After surrendering in World War II, Japan's new American-crafted constitution forced the formerly imperialistic country into pacifism. In accordance with Article 9 of the constitution, Japan was to be completely demilitarized and was therefore barred from keeping a standing military of its own. Over the course of the seven decades that have passed since the implementation of Supreme Commander MacArthur’s nonviolent constitution, Japan has slowly regained military strength. Rather than being the direct result of domestic politics and civic wishes, however, the rearmament of Japan has come as a result of foreign influences. Namely, the United States, North Korea, and China have forced the docile country to recoup its former martial power. Without these three countries’ actions over the years, Japan would never have had the backing or reasoning to rearm itself. The intent of this thesis is to explore the various actions that these three countries have taken that have led to Japan’s remilitarization. By taking a historical and chronological approach, this thesis will examine the actions each country has taken since the end of World War II and how they have gone on to spur Japan’s rearmament. Actions, such as domestic policy changes, military activities, and public announcements by the three countries, will be analyzed alongside Japan’s reactionary policies and responses.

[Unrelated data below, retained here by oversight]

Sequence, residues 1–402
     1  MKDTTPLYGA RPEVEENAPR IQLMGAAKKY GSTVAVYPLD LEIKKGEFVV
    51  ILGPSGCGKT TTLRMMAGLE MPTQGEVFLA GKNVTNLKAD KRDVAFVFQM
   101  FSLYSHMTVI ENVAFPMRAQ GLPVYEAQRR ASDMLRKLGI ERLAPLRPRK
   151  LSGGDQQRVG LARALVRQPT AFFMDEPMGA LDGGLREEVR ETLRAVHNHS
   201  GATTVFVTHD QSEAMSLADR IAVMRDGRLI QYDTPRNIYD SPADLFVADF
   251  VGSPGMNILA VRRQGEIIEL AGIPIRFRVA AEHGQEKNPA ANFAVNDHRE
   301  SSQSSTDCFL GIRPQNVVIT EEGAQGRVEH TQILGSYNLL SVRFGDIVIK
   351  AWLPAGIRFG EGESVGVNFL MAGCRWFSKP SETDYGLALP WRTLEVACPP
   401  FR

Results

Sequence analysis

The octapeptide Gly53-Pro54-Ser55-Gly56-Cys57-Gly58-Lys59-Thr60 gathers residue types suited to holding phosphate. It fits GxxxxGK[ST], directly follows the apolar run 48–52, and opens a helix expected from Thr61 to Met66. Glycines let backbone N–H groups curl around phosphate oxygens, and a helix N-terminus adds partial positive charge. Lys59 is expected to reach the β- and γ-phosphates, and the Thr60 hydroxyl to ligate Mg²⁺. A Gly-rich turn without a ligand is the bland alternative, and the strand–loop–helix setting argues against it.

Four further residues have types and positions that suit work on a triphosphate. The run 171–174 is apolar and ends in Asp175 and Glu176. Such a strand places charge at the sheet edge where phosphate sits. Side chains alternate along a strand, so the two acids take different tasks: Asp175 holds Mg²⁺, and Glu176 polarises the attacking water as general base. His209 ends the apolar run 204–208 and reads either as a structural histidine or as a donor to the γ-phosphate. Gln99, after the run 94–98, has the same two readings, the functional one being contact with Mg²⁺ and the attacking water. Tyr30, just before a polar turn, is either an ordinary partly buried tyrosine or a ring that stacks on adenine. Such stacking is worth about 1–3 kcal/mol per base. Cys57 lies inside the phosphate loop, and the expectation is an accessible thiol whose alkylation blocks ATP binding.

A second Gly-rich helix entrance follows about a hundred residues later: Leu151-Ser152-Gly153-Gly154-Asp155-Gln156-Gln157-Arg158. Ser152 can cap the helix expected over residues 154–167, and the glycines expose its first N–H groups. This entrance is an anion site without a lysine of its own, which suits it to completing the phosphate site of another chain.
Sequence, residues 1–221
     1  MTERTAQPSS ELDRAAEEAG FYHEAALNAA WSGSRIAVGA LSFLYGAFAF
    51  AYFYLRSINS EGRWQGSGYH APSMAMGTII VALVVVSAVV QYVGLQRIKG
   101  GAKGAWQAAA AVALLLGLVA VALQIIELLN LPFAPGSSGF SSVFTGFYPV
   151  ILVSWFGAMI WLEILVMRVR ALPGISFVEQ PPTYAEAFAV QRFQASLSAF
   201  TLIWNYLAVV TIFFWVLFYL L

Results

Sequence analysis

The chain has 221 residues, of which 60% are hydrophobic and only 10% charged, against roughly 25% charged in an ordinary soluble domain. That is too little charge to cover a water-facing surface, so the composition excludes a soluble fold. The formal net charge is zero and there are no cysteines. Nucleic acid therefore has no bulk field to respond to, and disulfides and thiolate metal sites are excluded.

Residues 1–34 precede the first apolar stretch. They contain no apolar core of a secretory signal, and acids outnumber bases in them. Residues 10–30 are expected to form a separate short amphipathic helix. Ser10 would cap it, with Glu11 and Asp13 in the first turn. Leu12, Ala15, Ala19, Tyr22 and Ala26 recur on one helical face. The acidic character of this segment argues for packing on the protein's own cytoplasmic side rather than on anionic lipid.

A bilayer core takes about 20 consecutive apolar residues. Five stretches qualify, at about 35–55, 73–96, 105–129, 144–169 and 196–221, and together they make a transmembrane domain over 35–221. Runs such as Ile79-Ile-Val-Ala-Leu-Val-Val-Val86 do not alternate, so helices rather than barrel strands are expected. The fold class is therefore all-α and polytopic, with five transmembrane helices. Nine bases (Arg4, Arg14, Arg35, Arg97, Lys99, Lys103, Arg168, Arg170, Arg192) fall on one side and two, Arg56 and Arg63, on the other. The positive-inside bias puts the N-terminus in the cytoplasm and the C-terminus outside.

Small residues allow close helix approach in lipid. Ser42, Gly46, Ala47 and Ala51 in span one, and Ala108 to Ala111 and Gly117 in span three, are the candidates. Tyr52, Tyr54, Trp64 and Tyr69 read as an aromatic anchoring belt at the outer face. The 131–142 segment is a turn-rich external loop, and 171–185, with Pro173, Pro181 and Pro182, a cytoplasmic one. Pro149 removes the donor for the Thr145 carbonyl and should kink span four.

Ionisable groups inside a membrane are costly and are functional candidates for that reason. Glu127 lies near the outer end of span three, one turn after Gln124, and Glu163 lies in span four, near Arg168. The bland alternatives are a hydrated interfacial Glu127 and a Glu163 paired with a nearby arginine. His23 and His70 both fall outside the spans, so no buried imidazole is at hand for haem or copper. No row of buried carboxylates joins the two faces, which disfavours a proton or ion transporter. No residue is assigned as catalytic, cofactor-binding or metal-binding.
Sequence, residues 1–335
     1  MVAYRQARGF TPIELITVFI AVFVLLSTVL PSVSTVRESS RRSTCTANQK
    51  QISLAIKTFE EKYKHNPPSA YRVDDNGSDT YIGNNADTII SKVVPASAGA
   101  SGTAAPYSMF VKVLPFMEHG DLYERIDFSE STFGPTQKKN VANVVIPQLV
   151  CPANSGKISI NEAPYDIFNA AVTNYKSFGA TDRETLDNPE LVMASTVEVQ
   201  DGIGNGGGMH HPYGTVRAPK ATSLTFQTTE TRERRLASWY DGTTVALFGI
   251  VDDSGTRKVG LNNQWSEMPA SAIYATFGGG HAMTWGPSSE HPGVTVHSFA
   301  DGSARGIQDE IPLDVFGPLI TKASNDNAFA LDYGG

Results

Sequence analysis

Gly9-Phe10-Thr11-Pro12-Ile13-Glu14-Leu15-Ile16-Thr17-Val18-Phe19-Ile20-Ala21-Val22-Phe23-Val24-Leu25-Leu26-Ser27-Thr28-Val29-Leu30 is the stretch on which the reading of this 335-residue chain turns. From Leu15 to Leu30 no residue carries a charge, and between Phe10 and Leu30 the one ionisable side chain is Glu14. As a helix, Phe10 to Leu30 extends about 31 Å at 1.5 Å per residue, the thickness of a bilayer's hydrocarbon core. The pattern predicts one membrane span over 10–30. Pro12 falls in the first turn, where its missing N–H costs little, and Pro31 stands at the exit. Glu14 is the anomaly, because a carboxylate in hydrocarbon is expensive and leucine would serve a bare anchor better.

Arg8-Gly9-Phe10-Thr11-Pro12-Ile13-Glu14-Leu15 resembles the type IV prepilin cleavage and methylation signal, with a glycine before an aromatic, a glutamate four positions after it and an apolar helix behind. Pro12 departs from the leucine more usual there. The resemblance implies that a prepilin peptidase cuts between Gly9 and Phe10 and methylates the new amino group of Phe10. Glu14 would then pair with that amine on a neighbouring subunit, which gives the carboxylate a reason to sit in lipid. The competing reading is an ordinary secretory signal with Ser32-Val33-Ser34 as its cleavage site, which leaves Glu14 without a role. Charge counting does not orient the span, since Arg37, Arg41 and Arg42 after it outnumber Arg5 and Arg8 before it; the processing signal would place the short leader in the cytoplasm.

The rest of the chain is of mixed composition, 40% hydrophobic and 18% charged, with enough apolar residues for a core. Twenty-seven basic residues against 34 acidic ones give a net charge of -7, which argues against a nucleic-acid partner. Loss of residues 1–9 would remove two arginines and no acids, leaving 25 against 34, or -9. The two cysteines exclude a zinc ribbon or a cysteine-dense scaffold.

Bachelor of Arts (B.A.)
College of Sciences
Department of Political Sciences
International and Global Studies
Orlando (Main) Campus
Lee, Allison, "Foreign Influences on Contemporary Japanese Remilitarization: The United States, North Korea, and China" (2017). Honors in the Major Theses. 254.